- The Washington Times - Friday, January 5, 2001

Nobody plays the race card with more skill than a Southern Democrat.

The names once writ large are fading from memory now, but somewhere in that Valhalla of voodoo Gene Talmadge of Georgia, the early George Wallace of Alabama, Theodore G. Bilbo of Mississippi and Jeff Davis of Arkansas wait impatiently to welcome the Rev. Jesse Jackson, once of South Carolina and late of any point on the compass with opportunity for grift and scam.

Fresh from Florida, where he discovered the bodies of hundreds of black voters strewn about polling places, slain for trying to dimple their ballots, he has vowed to disrupt the inauguration of George W. Bush. After that he intends to intimidate the Senate, which is easily intimidated, to prevent the confirmation of the Bush Cabinet.

"Those who are with the civil rights agenda," he says, "must not choose collegiality over civil rights and social justice."

The noted Baptist cleric is getting some help, of course, but try as they might, his Democratic wannabes don't quite get the hang of race-baiting. Watching a Yankee politician race-bait is a little like watching a girl throw a baseball. He puts his heart (if not his shoulder) into it, but he can't get it over the plate.

The Rev has elected himself to take out John Ashcroft, George W.'s nominee for attorney general and the Democrats' designated No. 1 target among all the Cabinet choices. He's painting Mr. Ashcroft, a gentle and religious man with the killer instinct of a golden retriever, as a fiend who eats little black children for breakfast and tosses the bones to vipers and scorpions.

Tim Russert, the interlocutor on "Meet the Press," offered Sen. Tom Daschle, the Democratic minority leader who is the Democratic majority leader for a fortnight, this opportunity to hit a double to drive in the Rev with a run:

"You know Senator Ashcroft. You served with him. Is his record on civil rights and civil liberties abysmal?"

Mr. Daschle, a Southern Democrat in a way he represents South Dakota gave it a try, sort of: "Well, I don't I don't I, uh, wouldn't use that word. I'd say that I have very stark differences of opinion with him on a number of these issues, as many of my colleagues do, but, again,

uh, ah, we have to show due deference to a president who has made these nominations."

One of Mr. Ashcroft's high crimes and felonious misdemeanors is that, discussing the Civil War with the Southern Partisan magazine, he had kind words about Robert E. Lee, Stonewall Jackson and Jefferson Davis, for whom streets, children, cities, schools, churches and colleges have been named in half the states over the past century. But decrying the assault of the arrogant and the ignorant on the nation's history is not only not politically correct, but not to be tolerated. We must make up whatever history is necessary to enable the self-righteously uninformed to feel good about themselves.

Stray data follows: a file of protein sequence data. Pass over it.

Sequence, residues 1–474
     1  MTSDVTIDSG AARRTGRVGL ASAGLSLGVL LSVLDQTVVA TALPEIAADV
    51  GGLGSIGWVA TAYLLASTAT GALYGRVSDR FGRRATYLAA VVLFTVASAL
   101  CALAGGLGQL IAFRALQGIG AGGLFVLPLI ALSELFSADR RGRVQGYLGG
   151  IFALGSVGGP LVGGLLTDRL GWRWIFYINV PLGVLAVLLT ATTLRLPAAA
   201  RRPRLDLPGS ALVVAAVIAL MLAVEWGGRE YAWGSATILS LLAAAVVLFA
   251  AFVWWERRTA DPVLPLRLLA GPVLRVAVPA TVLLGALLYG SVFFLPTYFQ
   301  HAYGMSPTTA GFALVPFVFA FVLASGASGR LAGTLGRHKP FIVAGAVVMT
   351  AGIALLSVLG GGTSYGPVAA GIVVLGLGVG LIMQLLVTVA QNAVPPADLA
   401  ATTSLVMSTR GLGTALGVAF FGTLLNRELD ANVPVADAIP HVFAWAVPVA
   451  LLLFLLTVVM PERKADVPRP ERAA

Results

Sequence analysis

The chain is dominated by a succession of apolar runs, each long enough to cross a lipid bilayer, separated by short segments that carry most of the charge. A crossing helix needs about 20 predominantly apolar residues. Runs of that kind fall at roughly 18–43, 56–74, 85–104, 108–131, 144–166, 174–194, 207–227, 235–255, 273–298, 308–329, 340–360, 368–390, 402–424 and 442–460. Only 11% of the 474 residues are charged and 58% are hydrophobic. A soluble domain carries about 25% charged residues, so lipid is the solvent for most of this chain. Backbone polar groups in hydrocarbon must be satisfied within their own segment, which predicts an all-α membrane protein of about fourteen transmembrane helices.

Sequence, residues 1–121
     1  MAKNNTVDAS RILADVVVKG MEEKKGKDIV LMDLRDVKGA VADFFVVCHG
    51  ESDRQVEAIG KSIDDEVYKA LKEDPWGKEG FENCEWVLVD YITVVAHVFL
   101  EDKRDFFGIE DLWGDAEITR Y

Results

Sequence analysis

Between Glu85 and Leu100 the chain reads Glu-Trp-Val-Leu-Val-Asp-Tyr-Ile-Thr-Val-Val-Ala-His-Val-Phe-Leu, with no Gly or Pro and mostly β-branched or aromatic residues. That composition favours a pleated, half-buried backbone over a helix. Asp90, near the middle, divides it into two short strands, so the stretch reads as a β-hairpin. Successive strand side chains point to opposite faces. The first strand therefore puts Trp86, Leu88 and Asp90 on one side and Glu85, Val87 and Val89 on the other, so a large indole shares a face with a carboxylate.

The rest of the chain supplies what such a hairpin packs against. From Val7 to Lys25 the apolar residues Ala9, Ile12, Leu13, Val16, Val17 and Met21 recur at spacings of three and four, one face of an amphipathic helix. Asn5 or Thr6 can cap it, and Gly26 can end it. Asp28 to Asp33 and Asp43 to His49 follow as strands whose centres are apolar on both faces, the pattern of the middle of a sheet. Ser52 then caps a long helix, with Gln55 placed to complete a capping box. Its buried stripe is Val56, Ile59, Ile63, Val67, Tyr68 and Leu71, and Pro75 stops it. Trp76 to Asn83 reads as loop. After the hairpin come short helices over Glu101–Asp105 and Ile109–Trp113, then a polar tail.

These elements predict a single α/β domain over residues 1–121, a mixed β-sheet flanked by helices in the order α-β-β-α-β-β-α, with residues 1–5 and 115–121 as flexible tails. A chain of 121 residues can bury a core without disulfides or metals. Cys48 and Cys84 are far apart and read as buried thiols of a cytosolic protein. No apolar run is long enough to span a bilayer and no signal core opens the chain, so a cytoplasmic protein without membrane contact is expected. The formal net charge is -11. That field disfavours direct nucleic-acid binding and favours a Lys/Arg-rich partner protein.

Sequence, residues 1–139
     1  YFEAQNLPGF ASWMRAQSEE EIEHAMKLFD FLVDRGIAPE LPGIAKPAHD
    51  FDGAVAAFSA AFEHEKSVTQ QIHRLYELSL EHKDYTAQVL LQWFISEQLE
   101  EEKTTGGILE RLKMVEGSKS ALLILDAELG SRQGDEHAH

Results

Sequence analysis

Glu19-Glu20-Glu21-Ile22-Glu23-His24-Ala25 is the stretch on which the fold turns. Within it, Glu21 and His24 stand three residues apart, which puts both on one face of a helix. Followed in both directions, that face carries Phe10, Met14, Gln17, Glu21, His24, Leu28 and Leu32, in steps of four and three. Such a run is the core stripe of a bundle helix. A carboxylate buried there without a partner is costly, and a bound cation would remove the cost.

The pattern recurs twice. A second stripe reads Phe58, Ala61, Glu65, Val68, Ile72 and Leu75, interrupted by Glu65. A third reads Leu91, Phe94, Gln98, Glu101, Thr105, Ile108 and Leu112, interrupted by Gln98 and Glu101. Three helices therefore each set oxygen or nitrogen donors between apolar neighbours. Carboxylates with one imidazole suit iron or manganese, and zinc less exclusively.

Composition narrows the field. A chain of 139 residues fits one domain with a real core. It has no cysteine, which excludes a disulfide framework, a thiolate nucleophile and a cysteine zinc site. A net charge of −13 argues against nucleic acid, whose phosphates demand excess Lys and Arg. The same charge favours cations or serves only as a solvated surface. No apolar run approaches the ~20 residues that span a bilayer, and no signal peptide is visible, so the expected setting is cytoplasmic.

The Rev and his Senate confederates want to put Mr. Ashcroft on the wheel as punishment for opposing the confirmation of a black federal judge in Missouri, and to establish the precedent that Republican opposition to a black candidate is prima facie proof of racism.

Mr. Ashcroft's friends note that he supported 23 of the nominations of 26 black judges that came up for a vote during his Senate tenure. As governor of Missouri a decade ago, he signed the law mandating the Martin Luther King holiday, set aside the boyhood home of Scott Joplin as a historic site, created an award honoring George Washington Carver, named a black woman to a state judgeship, and led the effort to save traditionally black Lincoln University. Some racist.

Mr. Daschle and the Democratic avengers promise to ask "all the tough questions that need to be asked," by which he means all the cheap-shot questions they can dream up: "The most important question is whether [Mr. Ashcroft] will enforce laws that he's acknowledged publicly he disagrees with." This is a shameless question after Janet Reno's eight years of stalling, evading, dodging and avoiding her responsibility in enforcing campaign-finance law. There's nothing in Mr. Ashcroft's record to suggest that he looks to Janet Reno as a role model.

And there's nothing in Jesse Jackson's record to suggest that he looks to Martin Luther King as a role model. Just when America is eager to make amends for the sins and crimes of the past no society in the history of the world has turned itself upside down and inside out like ours in an attempt to set things right this man with a genuine talent to lead pursues instead, with the enthusiastic assistance of the Democratic Party, a career of wreaking ruin and ravage on his own people. Who are the racists?


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